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Being A Good Listener

Many of us would like to think that we are good listeners. I for one, am guilty of thinking I am always a good listener. Many chat room members always feel they are good listeners too.

There are times when I feel things psychically or intuitively. It is as if a light bulb has lit up in my mind's eye/ When this happens I will respond with what I am feeling and thinking at the moment the person who is speaking has finished.

Yet, I can at times, come out of a chat room feeling devastated and drained. I feel as if everyone is venting or dumping and no one really listens to one another. If I feel this way, I first check out where I am in the listening process. If I am consciously listening and responding without interruption and I have really heard what they other person has to say, then I know that I have been a good listener. It is at this point that I may choose to respond. I for one, do not like being a doormat for others and I am sure many of you feel the same way.

Another factor in being a good listener, is not listening while holding thoughts in your mind of what you are going to say next. If your thoughts are about what you want to say next, you are not fully present in the moment listening to the one who is speaking with you.

Interrupting by finishing sentences, is like a race or competition. It stresses you and the outcome is that you may not have truly heard what the other person had to say. Also, the person speaking may feel the stress and energetically pick it up as well, causing them to communicate less effectively.

Being a caregiver, necessitates really hearing what others are saying. It may be your loved one (who at times can be repetitive, while chewing your ear off) , a doctor, an aid a lawyer or whomever. Taking the time to really hear will eliminate much confusion as well as stress. This is the time for you to be peaceful and focused from within so that you can make wiser choices for you and your loved ones.

The caregiver is truly challenged in this area. You are faced with the role of having to discuss many difficult issues with your loved one. The problem may be further complicated if confusion and memory loss exist.

Some tools for communicating under these circumstances...

  • Be open and willing to share your own feelings, emotions and viewpoints
  • In communicating with a spouse or parent about legal or financial issues, you might consider having an attorney or accountant with you who can help in a more detached manner.
  • Hold discussions in a quiet space at a time when the care receiver is most capable of communicating themselves.
  • Acknowledge the receiver's feelings and viewpoints
  • Provide truthful, accurate information to the receiver. Don't beat around the bush trying to spare them from anything. Half truths or making promises that will not come to fruition do not support either one of you.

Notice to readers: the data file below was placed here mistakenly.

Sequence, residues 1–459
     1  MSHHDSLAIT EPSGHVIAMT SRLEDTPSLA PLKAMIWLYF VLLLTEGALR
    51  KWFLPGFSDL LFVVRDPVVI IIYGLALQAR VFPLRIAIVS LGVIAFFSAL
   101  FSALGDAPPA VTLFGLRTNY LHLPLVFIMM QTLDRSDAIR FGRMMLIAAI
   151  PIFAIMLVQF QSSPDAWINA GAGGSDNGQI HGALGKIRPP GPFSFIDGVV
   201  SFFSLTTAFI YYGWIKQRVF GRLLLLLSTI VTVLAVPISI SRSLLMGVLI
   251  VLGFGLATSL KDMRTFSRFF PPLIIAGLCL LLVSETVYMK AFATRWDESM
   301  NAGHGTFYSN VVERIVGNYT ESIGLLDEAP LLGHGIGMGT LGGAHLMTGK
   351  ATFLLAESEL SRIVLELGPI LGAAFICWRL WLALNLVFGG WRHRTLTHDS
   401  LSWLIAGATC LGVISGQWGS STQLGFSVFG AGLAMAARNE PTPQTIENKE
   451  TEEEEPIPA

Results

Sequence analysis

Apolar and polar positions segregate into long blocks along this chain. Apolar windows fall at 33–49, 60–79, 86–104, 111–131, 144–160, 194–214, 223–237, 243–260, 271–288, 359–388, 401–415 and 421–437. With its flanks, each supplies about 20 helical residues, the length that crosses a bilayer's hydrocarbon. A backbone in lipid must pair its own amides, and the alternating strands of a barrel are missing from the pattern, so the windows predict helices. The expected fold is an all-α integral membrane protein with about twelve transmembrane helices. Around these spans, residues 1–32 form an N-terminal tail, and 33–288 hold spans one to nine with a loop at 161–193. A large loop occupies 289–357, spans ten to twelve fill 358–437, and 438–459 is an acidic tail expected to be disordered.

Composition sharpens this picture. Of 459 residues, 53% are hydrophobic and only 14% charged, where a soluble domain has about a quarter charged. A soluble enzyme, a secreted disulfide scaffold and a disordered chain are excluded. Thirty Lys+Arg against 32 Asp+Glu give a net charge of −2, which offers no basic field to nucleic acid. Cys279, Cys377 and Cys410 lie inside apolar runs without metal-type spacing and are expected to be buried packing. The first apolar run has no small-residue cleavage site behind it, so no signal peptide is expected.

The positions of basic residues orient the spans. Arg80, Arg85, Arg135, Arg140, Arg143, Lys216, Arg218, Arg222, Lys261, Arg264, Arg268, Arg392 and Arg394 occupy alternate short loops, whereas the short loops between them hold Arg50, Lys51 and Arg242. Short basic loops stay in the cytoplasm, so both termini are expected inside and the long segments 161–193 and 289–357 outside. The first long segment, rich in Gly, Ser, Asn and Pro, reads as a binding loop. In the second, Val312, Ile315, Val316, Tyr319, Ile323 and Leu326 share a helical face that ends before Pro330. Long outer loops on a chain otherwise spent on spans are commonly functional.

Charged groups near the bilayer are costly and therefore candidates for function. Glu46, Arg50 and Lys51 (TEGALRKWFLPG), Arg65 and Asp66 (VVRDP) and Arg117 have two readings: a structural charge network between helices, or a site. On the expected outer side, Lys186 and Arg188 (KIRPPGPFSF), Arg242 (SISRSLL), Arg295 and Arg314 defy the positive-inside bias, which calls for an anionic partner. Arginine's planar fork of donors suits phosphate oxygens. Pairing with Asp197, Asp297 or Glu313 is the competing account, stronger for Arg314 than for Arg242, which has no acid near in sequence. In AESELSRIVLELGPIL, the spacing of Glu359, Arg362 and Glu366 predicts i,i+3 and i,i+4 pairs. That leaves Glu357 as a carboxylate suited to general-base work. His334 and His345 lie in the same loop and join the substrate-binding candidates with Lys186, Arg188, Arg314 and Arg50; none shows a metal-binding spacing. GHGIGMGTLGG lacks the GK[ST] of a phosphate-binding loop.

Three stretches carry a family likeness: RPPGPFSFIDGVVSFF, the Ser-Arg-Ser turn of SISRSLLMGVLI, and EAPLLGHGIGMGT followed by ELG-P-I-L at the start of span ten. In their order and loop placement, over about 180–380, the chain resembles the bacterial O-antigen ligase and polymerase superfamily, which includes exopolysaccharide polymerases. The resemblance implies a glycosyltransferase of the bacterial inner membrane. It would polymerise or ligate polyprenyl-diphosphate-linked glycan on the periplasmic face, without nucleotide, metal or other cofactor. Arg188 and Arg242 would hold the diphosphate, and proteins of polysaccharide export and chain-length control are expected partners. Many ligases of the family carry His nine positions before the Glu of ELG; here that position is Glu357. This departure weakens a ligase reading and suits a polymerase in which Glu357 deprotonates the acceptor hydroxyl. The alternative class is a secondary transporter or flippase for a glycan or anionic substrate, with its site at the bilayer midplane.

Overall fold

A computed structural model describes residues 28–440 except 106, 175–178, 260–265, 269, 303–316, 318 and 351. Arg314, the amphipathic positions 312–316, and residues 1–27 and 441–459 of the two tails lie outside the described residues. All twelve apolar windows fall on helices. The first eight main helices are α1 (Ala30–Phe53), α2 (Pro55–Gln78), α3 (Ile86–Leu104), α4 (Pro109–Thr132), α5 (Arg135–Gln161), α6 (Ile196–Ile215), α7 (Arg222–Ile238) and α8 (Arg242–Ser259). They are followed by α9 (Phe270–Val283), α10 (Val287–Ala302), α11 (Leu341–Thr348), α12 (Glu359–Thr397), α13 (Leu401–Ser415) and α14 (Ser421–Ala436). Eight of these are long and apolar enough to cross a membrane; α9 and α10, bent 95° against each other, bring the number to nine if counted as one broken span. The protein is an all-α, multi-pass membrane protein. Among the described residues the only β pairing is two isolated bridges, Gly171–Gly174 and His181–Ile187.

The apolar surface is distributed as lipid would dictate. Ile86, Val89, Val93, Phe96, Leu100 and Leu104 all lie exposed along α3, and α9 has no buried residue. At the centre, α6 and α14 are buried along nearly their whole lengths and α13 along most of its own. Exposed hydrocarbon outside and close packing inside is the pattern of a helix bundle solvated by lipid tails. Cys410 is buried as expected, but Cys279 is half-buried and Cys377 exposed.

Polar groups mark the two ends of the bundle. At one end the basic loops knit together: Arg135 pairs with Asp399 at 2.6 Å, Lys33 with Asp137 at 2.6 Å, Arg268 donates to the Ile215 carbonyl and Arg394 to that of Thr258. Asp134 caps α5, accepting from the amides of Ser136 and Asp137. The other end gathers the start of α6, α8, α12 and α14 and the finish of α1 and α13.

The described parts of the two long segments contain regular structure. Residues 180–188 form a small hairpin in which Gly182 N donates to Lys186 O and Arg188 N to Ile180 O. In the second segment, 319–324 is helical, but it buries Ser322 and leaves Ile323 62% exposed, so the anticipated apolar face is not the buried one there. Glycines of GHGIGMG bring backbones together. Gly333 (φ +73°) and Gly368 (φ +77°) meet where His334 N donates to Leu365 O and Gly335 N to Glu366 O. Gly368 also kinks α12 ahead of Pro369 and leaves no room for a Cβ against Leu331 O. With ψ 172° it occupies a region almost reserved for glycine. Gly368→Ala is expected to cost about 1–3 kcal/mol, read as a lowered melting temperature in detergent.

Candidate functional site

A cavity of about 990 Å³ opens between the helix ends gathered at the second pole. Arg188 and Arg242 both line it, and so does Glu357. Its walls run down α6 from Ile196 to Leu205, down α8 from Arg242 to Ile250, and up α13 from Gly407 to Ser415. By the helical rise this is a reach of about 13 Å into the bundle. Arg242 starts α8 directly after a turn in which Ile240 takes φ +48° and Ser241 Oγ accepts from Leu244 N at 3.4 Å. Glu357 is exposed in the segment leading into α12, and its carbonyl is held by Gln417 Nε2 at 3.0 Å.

• Be patient. Your loved one may have a lot of difficulty in comprehending everything. You must provide a nurturing and safe communication so they won't respond out of guilt or fear. Many people don't know how to express themselves and communicate as you would have them do, (especially older parents).
  • If your loved ones is hearing impaired, speak directly to them looking into their eyes. Slow the pace down and speak clearly. Make sure hearing aids if used are functioning properly or if there are was build ups of wax, to have them removed.
  • You may need to write things down to assure that they understand what you are communicating.
  • In terms of memory loss or dementia, there is an even greater challenge. You must speak slower, using simple words. It is so Easy for the caregiver to lose it in these situations. Try to remain calm. The receiver isn't in control. They are not out to hurt you personally.
  • If your loved ones repeats the same words or phrases, they might be trying to express something to you which is troubling them.
  • Don't go crazy trying to get them to understand things when you know it is useless. It not only upsets you, but your loved one may have weeks of disturbing thoughts resulting from faulty communications.

The lesson for the week is to reflect on your listening behavioral patterns. Write about them. Write little post it notes to yourself and place them in areas where you will remind yourself to listen more effectively. Place them in your appointment book, on your computer screen, by the phone or the bathroom mirror. You get the picture.

Detail as much as you can as to why you listen as you do.

And then...

Write about all your new listening experiences this week. How your interactions made you feel inside. How the other person might be feeling at the close of the conversation. Remember it is up to you to modify your own listening behavior, not the other person.

BLESSINGS TO YOU.

2/17/99 Gail R. Mitchell


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